3 Hikes That Fortified My Faith
When I travel, one of my favorite, free activities is to do is to go on a hike. It’s a great way to exercise, clears my thinking, inspires great conversations and everything you see and smell along the way is beautiful (unless someone forgot their deodorant). For me, hikes also have a way of reaffirming my faith in that universal source of truth and love I, personally, call God.
Yosemite: The summer before my freshman year, I volunteered to join a small group on a voluntary initiation trip hiking through Yosemite. I considered myself outdoorsy - I’d been a Girl Scout growing up! But a two-week hike through the Sierra’s with nothing but what you carry on your back is quite different. I did so many things during those two weeks that I had never done before: I rock-climbed a wall with no grips by shoving my foot in a crevice and shimmying up two perpendicular cliff faces…leaving a trail of blood behind me from the scrapes on my arms, I scrambled over boulders on the knife-edge of a mountain looking down a 2,000ft drop on my way to the peak, I showered under waterfalls, slept under the stars and, ultimately, came back with a stronger belief in myself as I entered the first phase of adulthood - and an even stronger appreciation for the beauty of nature and the outdoors (Yosemite has that effect on people).
San Diego: When I first moved to San Diego, I didn’t know anyone. Determined to live the life I pictured before I moved, I set off on San Diego’s best hikes solo, including Cowles Mountain - SD’s highest peak. I got to the top just before sunset, looked around, meditated, and started to head back. Unfortunately, 20 mins later I realized I’d made a wrong turn. The light was failing and I still had to hike back to the top, reorient myself, and head back down. I was scared. I was scared in the unique way a woman alone in the dark is scared of every passing stranger. At one point, holding up my phone to catch the last spark of sunset, a man called out - advice for a better photo. I turned to see a guy in his 60s who I recognized from my hike up - he’d been picking up trash along the trail. I softened, and started a conversation. As we hiked down together I learned he, Steve, was a retired search-and-rescue officer. He gave me advice for ensuring safer future hikes. I relaxed, and felt in my bones that Steve was my guardian angel. Yet another reminder not to be afraid, that God had my back.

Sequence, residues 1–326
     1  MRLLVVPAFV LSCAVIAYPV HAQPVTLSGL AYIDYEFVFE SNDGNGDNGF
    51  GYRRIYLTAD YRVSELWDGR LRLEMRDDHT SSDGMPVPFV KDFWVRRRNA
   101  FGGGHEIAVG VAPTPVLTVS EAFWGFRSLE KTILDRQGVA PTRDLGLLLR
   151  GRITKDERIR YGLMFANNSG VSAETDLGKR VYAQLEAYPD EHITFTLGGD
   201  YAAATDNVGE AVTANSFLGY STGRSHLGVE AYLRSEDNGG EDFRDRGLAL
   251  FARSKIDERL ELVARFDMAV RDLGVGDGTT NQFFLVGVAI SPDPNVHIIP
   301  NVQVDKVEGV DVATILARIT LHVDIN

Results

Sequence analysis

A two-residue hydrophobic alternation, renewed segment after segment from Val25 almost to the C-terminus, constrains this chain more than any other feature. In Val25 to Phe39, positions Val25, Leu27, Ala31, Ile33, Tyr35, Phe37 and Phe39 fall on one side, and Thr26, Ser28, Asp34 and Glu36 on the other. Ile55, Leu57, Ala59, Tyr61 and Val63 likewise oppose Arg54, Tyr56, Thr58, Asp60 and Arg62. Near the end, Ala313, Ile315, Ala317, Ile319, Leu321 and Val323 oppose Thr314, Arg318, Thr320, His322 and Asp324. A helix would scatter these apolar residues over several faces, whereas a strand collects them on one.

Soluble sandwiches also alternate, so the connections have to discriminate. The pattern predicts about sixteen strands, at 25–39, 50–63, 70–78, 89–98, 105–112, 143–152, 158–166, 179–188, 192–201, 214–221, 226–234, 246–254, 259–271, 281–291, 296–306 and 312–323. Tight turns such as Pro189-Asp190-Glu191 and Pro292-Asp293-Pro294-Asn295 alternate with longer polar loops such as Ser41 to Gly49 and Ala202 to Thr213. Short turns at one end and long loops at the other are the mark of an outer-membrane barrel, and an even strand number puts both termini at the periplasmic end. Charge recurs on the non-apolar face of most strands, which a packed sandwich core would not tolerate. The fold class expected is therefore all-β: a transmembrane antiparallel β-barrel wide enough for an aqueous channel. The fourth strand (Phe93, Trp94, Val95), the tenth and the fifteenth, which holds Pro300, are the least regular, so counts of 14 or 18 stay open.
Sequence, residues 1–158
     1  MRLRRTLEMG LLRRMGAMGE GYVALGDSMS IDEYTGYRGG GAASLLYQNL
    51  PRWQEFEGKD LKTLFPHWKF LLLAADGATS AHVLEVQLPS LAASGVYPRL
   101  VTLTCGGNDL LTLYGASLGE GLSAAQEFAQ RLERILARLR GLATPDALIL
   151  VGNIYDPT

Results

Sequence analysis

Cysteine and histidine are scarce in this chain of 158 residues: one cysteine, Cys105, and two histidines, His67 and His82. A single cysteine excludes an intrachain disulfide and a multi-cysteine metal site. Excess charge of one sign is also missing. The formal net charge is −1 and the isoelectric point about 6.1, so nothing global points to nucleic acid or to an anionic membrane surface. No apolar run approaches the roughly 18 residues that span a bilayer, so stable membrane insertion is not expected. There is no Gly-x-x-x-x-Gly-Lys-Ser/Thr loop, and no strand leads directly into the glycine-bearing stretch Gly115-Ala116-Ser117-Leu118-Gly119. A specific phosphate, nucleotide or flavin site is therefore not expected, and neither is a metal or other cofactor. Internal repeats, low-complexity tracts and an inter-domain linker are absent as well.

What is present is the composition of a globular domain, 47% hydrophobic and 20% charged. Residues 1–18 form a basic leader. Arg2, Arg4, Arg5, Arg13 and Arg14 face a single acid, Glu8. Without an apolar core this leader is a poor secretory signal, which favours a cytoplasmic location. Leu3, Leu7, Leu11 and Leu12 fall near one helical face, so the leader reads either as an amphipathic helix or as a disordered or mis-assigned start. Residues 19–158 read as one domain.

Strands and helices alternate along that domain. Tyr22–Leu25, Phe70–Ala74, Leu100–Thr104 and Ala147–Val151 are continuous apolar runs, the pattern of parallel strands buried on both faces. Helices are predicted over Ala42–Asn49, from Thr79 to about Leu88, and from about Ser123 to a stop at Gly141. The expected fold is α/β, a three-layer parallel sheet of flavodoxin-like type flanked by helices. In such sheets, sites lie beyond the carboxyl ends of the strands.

Hong Kong: My sister and I decided to tackle the 3 hour hike to Lantau peak, and 1 hour hike down to the Big Buddha from there. The reviews said “so easy, we saw a five year old do it!” or “we passed many hikers in their 70s and 80s!” Piece of cake…except it wasn’t. I have pretty bad vertigo - something I first realized during that Yosemite peak climb - and there were many many moments along this hike where the dizziness and fear paralyzed me. I had to sit and grip the earth until the spinning slowed and my heart rate steadied. I had no idea how I was going to take another step forward, but the prospect of turning back was equally terrifying. Luckily, my ever-patient sister encouraged me at every step. She never let me forget that I could do this, I could do this. By the time I made it to the Big Buddha I had overcome one of the scariest things I’d ever done and it was exhilarating and empowering. To this day I think of that hike whenever fear threatens to paralyze me, I know God is on the other side waiting to remind me that I can do anything, as long as I have faith.